08/03/04 — Start of school brings life to summer's empty halls

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Start of school brings life to summer's empty halls

By Phyllis Moore
Published in News on August 3, 2004 2:01 PM

Lucy Lawrence, Jessica Willing and Heather Creameans have been friends since second and third grade.

Today, the first day of sixth grade, they reunited outside Greenwood Middle School and discovered another thing they have in common.

"We all have the same haircut," Lucy said. "We didn't know that until today."

They were among many clusters of students waiting outside the building for the bell to ring.

Inside the office, seventh-grader Kyle Sticklen leaned against a counter waiting to ask a question while a line formed outside.

Doris Overton tried to keep up with son Dorrian Washington, a sixth-grader, with daughter Kiera, a third-grader at Meadow Lane, in tow.

"I'm a little nervous," Ms. Overton said about the first day of school. "But I know it's a good school and he's a smart boy."

Upstairs in the school's annex, Sharon Bell prepared her classroom for the new arrivals. This begins her 17th year as an educator. She says the thing that brings her back with the same zeal each year is simple: the students.

"I love middle school," she said. "I'm excited about the first day, the new kids. It's a whole new ballgame."

She says she tries to make math and science fun for her sixth-graders.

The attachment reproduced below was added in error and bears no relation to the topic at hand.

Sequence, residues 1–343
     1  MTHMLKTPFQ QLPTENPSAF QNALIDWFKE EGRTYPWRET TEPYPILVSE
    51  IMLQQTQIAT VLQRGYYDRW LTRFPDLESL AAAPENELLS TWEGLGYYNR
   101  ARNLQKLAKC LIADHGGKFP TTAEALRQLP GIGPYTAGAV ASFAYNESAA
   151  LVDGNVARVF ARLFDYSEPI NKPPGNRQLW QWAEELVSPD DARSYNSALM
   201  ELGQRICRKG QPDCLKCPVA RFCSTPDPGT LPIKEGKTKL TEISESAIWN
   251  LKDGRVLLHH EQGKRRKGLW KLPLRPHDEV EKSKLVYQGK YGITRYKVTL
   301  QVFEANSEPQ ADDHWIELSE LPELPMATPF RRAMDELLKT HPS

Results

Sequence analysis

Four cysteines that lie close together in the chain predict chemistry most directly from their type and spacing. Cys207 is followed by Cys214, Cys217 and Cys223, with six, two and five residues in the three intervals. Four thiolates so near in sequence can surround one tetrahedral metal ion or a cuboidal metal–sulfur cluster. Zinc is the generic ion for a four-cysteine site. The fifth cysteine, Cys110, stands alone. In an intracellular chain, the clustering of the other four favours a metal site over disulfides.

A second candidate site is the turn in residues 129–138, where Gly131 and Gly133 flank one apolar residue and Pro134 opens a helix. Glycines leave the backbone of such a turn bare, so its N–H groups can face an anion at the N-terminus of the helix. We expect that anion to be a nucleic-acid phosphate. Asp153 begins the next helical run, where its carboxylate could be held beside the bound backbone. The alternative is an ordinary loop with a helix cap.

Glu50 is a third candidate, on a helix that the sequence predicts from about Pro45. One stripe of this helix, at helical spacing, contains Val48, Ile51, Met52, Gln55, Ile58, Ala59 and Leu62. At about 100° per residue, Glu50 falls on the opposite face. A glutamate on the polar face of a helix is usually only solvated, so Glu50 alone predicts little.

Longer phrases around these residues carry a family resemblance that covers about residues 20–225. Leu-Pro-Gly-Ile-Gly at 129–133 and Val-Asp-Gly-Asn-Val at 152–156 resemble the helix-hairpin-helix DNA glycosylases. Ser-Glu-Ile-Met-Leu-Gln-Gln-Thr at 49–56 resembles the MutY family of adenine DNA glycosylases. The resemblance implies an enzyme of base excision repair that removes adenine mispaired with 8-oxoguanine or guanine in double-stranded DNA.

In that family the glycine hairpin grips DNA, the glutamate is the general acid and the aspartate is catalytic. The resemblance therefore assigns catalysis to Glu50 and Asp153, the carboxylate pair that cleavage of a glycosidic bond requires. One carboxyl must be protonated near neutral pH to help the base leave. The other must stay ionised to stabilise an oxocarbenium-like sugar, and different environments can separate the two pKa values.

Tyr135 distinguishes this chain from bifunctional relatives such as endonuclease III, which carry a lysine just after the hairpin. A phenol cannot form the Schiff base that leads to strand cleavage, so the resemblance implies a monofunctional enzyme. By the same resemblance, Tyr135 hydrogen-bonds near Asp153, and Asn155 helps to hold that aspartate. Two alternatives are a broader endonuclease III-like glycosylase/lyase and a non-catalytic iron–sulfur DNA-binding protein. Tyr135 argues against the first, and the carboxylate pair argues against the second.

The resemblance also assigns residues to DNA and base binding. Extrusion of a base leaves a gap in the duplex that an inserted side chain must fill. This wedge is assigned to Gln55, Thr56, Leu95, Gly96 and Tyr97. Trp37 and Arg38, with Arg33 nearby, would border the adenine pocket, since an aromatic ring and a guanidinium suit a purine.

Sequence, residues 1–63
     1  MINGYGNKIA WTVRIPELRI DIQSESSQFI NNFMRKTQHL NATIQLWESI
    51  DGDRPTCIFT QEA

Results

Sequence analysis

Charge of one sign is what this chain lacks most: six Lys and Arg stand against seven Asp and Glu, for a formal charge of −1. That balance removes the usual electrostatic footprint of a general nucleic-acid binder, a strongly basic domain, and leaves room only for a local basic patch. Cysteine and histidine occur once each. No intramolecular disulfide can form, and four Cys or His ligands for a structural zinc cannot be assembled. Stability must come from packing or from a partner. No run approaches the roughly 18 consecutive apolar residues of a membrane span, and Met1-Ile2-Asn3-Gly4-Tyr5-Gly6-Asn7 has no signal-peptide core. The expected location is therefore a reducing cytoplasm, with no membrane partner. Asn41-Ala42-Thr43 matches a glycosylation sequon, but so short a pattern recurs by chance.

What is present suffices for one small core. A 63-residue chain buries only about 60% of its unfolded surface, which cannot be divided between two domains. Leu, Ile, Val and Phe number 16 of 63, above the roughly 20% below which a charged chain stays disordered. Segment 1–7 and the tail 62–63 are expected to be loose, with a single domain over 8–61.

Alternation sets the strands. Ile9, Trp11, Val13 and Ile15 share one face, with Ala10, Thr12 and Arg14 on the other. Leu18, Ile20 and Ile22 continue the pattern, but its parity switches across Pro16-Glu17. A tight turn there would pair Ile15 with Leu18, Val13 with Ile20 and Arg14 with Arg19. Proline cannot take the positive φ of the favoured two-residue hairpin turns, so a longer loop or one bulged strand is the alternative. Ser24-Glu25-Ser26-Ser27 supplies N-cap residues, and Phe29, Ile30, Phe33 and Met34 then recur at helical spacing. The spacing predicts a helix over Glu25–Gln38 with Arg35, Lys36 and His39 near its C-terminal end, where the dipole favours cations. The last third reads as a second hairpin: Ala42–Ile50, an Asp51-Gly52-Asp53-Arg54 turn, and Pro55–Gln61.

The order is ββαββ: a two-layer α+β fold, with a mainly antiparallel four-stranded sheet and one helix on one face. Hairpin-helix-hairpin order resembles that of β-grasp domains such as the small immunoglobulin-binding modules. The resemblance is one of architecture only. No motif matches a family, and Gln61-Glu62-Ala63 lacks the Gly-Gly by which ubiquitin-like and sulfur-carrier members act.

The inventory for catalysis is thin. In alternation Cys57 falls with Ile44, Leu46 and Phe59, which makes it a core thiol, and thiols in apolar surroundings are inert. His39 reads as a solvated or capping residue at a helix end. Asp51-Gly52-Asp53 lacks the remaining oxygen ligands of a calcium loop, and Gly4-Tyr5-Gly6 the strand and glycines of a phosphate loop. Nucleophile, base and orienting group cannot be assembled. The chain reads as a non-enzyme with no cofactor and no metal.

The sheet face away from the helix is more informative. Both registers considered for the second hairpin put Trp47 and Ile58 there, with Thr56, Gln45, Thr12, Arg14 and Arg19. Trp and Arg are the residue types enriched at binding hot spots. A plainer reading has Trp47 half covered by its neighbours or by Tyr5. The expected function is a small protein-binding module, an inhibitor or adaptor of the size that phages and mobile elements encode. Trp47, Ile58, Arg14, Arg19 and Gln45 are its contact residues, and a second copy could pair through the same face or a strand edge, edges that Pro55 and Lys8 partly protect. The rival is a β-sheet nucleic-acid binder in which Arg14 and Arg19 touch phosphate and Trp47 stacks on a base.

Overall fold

"I do a theme every year to get me pumped up," she said. This year's theme will be "believe in yourself." She said she planned to play the Aretha Franklin song "Respect" this morning to motivate them.

Greenwood Principal Larry Dean said teachers like Ms. Bell have worked very hard to get ready for a new school year.

"They've been getting textbooks out, bus routes," he said this morning as the buses outside began to unload. "We've got the usual transportation problems, parents not knowing where to go. But things seem to be running smoothly."

He said he expects a full house at the school, sixth grade in particular.

"We're looking to be at our class limit, with 29 in every class," he said.

Olivia Pierce, the schools' executive director for community relations, said the school system will look at any situations of overcrowding or the need for additional teachers once school has gotten under way.

Typically, the enrollment shifts several times in the first few days. The schools wait for the 10th-day enrollment numbers before determining what changes to make in regards to class size.

She said opening day for the school system went well. Most of the opening and closing times remained the same, with only slight variations.

Kindergarten students attend this week on a staggered schedule to acclimate to the new setting. Small groups attend each day through Friday.

And for some, testing begins right away. Third-graders will be given pre-tests on Wednesday as a benchmark for the end-of-grade tests in math and reading.